Step Four

Add about half an inch of fresh room-temp water to the other tray, the non-draining one. Carefully set your newly planted draining tray inside. The idea is to allow the soil in the top tray to slowly take up water from the bottom tray as needed. Add the humidity dome or cover your trays with an old kitchen towel to hold in moisture until your seeds sprout.


Tending microgreens should take you no more than five minutes a day. That includes watering your microgreens, giving them light, and maintaining some air circulation. Make sure to remove the humidity dome or towel covering your tray as soon as you see little green shoots popping up. You don't need to worry about fertilizing your microgreens since they get initial nutrition from the seed after they sprout.

And that's it! Easy peasy!

How to Water Microgreens

The easiest way to water your microgreens is from the bottom by filling that non-draining tray with water. Avoid pouring water on the top of the soil, which might displace all those seeds.

Use your finger to check on the moisture level daily. If the top of your soil is soaking wet, empty the bottom tray of excess water and let the top tray dry out a bit. If the top looks dry, you can spritz some water using the spray bottle or just add more water to the bottom tray.

Once your plants are growing, yellow leaves might be a sign you're giving the tray too much water.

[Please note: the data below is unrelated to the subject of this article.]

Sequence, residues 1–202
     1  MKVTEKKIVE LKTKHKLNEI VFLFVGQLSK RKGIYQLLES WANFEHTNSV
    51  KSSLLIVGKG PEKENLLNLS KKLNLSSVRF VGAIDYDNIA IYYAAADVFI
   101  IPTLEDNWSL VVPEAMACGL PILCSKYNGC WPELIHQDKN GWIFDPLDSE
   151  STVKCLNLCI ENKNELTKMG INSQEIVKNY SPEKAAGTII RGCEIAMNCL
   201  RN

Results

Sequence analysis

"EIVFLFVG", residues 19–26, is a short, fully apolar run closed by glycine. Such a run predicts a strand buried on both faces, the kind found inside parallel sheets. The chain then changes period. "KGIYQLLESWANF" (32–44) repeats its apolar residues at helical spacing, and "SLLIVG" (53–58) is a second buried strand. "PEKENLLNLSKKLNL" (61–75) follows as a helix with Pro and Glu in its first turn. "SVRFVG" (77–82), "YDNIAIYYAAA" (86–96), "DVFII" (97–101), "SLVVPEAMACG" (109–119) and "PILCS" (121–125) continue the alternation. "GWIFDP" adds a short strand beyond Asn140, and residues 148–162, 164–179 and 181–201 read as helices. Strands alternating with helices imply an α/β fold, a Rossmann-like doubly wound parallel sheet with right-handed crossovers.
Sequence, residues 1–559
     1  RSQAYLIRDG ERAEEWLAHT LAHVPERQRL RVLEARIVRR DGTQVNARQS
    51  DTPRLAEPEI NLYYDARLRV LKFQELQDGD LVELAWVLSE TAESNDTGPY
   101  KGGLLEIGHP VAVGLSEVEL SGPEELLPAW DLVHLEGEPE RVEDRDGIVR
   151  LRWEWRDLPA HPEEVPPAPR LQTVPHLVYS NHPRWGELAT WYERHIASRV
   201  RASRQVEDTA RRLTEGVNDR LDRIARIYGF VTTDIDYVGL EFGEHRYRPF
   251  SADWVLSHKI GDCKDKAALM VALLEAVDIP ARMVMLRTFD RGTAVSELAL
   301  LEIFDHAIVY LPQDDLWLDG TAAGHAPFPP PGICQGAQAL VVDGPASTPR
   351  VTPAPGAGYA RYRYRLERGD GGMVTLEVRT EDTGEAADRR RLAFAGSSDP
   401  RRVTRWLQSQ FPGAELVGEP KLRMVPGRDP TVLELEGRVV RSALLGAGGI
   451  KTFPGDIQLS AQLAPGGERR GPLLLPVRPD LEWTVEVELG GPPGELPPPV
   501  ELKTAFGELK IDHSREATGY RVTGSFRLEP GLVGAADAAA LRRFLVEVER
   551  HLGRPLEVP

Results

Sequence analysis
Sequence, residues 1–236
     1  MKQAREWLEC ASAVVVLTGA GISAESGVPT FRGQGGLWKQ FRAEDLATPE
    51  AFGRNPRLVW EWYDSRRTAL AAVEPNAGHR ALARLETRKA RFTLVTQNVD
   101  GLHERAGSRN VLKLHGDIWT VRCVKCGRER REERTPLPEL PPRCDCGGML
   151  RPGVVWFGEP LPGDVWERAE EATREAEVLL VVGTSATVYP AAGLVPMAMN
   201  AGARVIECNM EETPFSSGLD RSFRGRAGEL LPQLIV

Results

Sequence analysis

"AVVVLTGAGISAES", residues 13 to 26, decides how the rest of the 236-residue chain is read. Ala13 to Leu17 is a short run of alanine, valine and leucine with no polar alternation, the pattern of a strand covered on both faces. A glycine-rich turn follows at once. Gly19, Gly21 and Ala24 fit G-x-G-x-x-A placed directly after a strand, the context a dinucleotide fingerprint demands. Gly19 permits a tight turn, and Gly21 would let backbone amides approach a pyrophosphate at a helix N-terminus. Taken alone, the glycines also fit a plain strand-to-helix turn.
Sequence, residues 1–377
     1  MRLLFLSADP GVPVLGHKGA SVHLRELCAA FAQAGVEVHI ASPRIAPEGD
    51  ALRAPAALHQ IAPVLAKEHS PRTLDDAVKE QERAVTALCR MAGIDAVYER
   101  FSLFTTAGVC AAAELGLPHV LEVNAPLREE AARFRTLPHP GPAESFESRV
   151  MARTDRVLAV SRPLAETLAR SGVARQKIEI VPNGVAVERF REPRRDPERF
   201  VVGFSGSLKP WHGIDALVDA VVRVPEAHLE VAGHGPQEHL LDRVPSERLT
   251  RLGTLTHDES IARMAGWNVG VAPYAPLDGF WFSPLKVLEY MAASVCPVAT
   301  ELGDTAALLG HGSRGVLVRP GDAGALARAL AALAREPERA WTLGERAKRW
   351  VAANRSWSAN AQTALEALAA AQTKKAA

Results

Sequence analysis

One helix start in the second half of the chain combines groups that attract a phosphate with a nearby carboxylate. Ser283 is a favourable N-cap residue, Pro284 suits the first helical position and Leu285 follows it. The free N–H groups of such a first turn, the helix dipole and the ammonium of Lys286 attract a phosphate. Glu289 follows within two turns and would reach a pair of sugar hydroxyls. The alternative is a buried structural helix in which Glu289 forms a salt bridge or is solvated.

How Much Light to Give Microgreens

Microgreens need at least four hours of strong, direct light per day to thrive. If they're growing in a sunny windowsill, rotate the tray each day so that you get more even growth.

If you're using a grow light, start turning the light on each day as soon as you see the first signs of growth and then leave the light on for 12 to 14 hours each day. That might sound like a lot, but artificial light is not the same as sunlight. Your baby plants will appreciate it if this light source is right overhead, just a couple inches above their leaves.

How to Prevent Mold/Mildew

Aim a little fan turned on the lowest setting toward your microgreen tray if you're growing them in a small or stuffy space. The fan will mimic wind and keep air circulating. It'll also encourage the plants to grow nice and strong. I like to run my hands over the leaves each day to agitate them a bit. While you're doing so, you can check for signs of mold or mildew.

Your plants should be fine temperature-wise as long as your house is kept at a temp that's comfortable to you.